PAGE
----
How Many Lenses Do You Need?

"Dear Thom: Nikon currently lists 76 lenses on their Web site. How many of them is it realistic to own? I've got the money. Should I collect all 76? Signed Nikkor Fanatic"

Dear Fanatic: The economy is still recovering, so buy them all, preferably through 76 different dealers. But first you need to figure out how to carry them all. Signed Thom.

This is a tough question to answer and an easy one, too. Let's start with that seemingly joking "how are you going to carry them" comment.

Seriously: how many can you carry? The average pro tends to carry perhaps five lenses (14-24, 24-70, 70-200, couple of fast primes), and supplements those from time to time with a handful of others when an assignment specifically calls for it (200-400mm, 16mm fish, macro lens, PC-E lens). But even the basic five lens kit (add 24 and 85 f/1.4) is over 10 pounds of optics. Add two pro bodies, some flashes, some support gear, batteries, etc., and the pro is already carrying 30 pounds around with them.

So right up front we have the wanna-versus-will thing to deal with. Will you actually carry 30 pounds of gear around with you? The answer for a majority of folk is no. Which is why they buy some or all of the top set, then add some lenses for "those times when they don't want to be burdened." So they buy a 24-120mm f/4 and a 70-300mm f/4-5.6 (3 pounds), or a 28-300mm (1.5 pounds). And they end up using those almost all the time, because there's rarely a time when they don't want to be burdened. 

But two lenses and three pounds produces a compromise: no fast apertures. So they start trying to sneak in some fast primes at a pound+ per. Next thing you now they're almost back where they were. So they notice that a third party lens is lighter and decide to pick it up. Have we hit 76 yet?

You'll note that I've been using an FX example. So now that mythical user takes a closer look at DX and says "I'll pick up a lighter DX system for those times when I don't want to be burdened." And low and behold, we lose a pound here and there. Maybe the top end DX kit weighs in at 12 pounds instead of 20 (leaving off the tripods and flash, which are going to be about the same weight no matter what). (And by the way, this is one of the reasons why I constantly harp about missing DX lenses: you can't go from the basic high-grade FX kit to a basic DX kit in Nikon's lens lineup.) So now our user has 10 to 11 lenses, and is still complaining about weight. Should we check out mirrorless? 

One thing that keeps happening in this downsizing is that photographic compromises are being made while trying to achieve a flexible system that you'll carry around with you all the time.

And there-in lies our true answer: do you know what you're trying to do photographically? Do you understand the compromises and are you willing to make them? For 90% of the photos you take, what do you really need and use?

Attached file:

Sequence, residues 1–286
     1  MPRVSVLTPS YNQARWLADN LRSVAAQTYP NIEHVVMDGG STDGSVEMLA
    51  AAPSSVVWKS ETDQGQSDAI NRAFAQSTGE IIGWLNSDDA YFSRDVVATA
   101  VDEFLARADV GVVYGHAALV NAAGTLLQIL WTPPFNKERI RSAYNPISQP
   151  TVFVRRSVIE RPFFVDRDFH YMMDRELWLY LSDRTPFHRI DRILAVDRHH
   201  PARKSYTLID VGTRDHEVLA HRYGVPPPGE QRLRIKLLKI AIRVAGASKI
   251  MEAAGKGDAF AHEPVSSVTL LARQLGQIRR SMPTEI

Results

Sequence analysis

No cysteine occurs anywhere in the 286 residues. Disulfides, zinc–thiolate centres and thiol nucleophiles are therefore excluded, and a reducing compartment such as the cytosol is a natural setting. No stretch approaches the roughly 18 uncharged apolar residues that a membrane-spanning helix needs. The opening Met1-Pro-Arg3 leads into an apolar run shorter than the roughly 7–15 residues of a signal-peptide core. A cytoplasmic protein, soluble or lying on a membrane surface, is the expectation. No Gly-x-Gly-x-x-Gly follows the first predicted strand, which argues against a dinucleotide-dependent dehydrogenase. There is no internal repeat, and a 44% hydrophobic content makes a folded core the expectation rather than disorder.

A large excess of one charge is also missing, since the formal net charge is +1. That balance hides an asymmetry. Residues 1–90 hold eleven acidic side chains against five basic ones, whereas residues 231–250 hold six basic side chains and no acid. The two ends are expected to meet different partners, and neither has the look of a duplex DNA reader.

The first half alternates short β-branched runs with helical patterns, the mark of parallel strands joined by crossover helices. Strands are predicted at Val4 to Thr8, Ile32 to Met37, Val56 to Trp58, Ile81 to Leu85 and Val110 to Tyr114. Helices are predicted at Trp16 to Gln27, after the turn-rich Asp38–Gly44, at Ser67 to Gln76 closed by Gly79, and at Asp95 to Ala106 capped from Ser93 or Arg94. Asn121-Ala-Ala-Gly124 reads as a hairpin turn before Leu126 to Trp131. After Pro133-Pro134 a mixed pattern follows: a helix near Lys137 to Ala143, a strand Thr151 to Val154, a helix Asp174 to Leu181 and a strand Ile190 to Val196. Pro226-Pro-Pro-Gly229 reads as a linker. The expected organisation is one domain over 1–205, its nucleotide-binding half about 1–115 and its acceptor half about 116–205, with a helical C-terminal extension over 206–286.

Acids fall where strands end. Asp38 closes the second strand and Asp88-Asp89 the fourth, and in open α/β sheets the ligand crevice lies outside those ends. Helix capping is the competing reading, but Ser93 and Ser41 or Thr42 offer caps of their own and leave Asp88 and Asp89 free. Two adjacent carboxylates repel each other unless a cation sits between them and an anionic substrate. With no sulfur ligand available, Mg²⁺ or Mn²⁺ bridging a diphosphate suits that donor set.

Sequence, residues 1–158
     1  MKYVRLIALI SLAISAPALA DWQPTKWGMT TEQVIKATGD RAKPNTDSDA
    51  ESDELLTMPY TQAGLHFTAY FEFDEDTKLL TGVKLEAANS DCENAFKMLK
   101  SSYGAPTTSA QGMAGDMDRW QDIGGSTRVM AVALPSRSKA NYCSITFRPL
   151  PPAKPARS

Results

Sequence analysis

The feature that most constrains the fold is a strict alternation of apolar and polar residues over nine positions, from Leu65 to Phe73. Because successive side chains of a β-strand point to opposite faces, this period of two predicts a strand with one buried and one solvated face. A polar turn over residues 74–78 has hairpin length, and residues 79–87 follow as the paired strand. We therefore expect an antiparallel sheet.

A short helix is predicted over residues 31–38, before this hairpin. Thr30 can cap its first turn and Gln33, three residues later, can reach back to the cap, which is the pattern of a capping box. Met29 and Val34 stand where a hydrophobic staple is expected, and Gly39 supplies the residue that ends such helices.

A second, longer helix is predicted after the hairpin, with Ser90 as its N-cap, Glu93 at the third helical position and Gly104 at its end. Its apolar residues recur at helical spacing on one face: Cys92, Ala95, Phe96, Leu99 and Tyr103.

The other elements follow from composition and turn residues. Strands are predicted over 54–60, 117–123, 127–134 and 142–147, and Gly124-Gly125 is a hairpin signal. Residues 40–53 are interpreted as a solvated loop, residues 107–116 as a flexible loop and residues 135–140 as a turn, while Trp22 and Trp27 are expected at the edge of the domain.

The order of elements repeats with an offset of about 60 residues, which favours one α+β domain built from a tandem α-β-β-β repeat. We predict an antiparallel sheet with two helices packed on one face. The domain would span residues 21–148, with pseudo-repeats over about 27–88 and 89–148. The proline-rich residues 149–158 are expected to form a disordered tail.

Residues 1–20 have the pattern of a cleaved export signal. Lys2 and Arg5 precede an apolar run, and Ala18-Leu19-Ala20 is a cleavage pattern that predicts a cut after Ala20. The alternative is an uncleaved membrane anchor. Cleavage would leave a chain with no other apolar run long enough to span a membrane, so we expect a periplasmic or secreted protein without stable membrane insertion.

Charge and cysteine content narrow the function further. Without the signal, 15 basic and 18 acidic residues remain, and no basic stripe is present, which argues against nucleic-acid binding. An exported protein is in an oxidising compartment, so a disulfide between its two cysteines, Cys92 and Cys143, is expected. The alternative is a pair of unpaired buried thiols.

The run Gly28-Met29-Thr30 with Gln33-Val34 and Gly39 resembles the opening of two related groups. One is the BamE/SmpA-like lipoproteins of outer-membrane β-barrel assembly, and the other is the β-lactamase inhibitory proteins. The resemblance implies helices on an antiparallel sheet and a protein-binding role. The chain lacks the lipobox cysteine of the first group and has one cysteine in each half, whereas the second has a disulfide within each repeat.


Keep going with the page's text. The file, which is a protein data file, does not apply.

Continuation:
Many people chase lenses like they chase pixels. Because they don't know what they're trying to achieve, they keep buying more lenses hoping that by having a "complete arsenal" that they'll have the right weapon handy for every photographic possibility. Then they leave most of those at home when it really does come time to go out and shoot.

I mentioned this before, but a good basic enthusiast's kit is really five basic lenses: mid-range zoom, telephoto zoom, wide, normal, moderate telephoto fast primes. With those five lenses and a couple of accessories (e.g. extension tube, teleconverter, etc.), you can do 90% of what you need to. Some very well-known pros got by with less. We can easily achieve that basic list in Nikkor FX: 24-70mm or 24-120mm, 70-200mm, plus 24mm, 50mm, 85mm primes. We can't quite achieve that in high quality with Nikkor DX: 16-85mm, no perfect telephoto zoom, no fast wide prime, though we do have 35mm and 50mm primes.

I'd tend to stick with that answer, though: you need five lenses. You can stay with the basic enthusiast kit or modify it slightly to fit your specialty needs, but that gets us back to the do you know what you're trying to do photographically question. If you do, you don't need me to tell you how many lenses to get. You already know. You might want my opinion about whether X or Y is the better choice for Z. That's fine, and I'll try to do a better job at answering that question on the site in the coming year. But you already know how many lenses you need, and probably have them already.

There's a side note to the lens chase/collection issue: some people think that lenses will make their photography stand out: "If I shoot with an X and everyone else uses a Y, then my images will be better." Well, no. They might be different from what you've done before, but there isn't a lens you can buy on the market that hasn't been used to death by some pro seeking to make a style statement. For example, the full-frame fisheyes (10.5mm DX, 16mm FX) are now a mainstay of mountain bike and extreme sports photographers because it changed perspective from the usual stand-offish telephoto renderings and made someone's images stand out. But now everyone's doing it, so it looks "normal." Don't fall into the trap of thinking that "lens = style." A lens is just another tool. You define your own style, and lens choice is only one small part of that. 

So let me close with some questions for you:

  1. How many lenses do you own?
  2. How many of those lenses produce 80% of your images?
  3. Do you have the best possible lens(es) for #2?
  4. Will a new lens change #2?

And because I'm not grading in my usual tough way today, here's the answer sheet:

  1. No more than six.
  2. Two or three.
  3. Yes.
  4. Usually not. It will if the answer to #3 is no. It probably will if the answer to #1 is 1.

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